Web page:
Vitamin A was the first fat-soluble vitamin identified (in 1913). Steenbock (1919) discovered the Vitamin A activity of carotenoids. Later he found that Vitamin A was present in the unsaponifiable fraction of fish liver oils.
A precursor to vitamin A is beta-carotene. (A precursor is a substance that, under the proper conditions, is converted to the active form of the vitamin.) Beta-carotene is relatively more stable.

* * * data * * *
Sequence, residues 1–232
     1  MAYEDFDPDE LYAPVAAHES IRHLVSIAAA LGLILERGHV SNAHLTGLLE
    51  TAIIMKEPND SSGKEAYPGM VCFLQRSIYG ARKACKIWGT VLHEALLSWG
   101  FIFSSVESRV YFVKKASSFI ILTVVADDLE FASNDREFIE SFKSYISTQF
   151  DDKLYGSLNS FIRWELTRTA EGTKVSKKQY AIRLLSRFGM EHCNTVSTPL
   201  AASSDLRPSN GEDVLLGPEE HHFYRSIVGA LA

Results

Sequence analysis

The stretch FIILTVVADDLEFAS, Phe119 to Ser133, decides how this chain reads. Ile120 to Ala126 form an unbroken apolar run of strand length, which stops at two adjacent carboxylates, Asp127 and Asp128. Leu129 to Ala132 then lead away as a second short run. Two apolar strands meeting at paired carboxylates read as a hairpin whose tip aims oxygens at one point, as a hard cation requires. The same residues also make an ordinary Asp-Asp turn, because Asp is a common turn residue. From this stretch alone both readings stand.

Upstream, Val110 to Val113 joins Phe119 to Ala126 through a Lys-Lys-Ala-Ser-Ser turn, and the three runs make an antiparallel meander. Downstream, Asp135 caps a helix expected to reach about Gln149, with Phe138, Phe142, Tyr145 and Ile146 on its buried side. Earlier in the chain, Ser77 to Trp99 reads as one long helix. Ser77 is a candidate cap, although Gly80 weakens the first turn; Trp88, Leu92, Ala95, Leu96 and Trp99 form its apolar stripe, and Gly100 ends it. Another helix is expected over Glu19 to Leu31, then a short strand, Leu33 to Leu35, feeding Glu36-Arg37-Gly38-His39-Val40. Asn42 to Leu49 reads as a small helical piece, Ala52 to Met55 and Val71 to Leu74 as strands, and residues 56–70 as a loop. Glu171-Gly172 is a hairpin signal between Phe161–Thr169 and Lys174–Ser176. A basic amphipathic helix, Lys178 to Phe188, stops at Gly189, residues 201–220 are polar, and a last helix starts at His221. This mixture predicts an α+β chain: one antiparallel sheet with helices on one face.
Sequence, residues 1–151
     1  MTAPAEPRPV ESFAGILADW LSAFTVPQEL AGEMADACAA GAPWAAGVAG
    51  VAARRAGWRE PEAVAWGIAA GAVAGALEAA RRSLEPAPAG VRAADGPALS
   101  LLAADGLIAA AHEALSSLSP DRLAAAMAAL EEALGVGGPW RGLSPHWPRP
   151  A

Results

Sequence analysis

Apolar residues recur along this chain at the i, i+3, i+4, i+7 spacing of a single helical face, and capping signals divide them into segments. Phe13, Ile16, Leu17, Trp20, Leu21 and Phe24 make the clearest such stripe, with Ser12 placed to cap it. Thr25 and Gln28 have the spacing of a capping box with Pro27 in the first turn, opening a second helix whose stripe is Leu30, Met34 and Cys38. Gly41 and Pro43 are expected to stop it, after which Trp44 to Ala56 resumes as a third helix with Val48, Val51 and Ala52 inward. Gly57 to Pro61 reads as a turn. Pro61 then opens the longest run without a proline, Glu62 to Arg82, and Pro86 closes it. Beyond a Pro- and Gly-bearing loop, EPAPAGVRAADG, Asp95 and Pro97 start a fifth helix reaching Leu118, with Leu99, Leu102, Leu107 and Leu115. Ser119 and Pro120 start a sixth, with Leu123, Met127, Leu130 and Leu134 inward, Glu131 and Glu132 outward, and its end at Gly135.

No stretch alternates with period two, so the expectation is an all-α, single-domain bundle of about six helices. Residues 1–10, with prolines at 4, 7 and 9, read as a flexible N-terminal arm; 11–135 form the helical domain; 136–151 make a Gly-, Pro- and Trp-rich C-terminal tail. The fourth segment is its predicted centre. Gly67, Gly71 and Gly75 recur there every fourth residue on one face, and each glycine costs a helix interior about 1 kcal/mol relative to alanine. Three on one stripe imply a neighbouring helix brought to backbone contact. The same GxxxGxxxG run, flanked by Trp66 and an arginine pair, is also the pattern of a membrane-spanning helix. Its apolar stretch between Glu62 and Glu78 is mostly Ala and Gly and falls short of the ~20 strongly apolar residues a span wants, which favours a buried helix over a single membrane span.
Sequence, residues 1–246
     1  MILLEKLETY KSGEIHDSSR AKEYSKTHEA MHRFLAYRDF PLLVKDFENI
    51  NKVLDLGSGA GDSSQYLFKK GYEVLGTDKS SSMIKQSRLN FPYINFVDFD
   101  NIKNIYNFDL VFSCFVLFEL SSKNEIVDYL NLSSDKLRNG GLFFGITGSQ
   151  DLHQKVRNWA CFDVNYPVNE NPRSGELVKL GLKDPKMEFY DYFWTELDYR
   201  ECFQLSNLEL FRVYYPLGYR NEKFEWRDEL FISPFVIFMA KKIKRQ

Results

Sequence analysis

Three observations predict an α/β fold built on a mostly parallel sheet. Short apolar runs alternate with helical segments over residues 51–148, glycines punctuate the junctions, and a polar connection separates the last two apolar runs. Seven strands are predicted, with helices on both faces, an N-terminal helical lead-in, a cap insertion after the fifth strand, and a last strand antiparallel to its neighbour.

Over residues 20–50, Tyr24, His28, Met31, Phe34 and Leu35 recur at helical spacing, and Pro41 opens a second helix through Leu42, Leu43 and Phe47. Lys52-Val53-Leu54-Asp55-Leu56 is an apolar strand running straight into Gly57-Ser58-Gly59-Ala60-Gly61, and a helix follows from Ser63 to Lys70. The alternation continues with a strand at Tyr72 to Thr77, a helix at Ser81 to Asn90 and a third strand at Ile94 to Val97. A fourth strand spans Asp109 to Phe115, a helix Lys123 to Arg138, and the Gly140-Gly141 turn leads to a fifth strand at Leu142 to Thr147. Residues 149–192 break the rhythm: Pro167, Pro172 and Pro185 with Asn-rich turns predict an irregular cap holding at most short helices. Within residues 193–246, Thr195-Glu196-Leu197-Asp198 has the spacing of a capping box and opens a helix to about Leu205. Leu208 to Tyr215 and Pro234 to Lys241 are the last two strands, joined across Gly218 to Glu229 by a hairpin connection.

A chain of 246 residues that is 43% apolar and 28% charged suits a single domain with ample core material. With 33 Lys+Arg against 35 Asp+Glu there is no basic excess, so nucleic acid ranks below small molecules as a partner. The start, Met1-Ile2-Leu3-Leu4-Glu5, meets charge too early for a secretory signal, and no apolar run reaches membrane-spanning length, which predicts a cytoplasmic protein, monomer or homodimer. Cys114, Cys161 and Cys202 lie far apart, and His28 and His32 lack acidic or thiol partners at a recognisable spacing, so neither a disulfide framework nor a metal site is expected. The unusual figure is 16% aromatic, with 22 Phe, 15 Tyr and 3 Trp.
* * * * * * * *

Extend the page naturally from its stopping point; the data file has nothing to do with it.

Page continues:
The provitamin A carotenoids which include beta-carotene and others, are converted to retinoids with varying degree of efficiency. Retinoids are sensitive to heat, light, and oxidation by air.
The active form of vitamin A is retinol, which is present in foods of animal origin, including liver, egg yolks, fortified dairy products (e.g., vitamin A and D milk), margarine, and fish oil.
Vitamin A comprises the preformed retinoids, plus the precursor forms, the provitamin A carotenoids.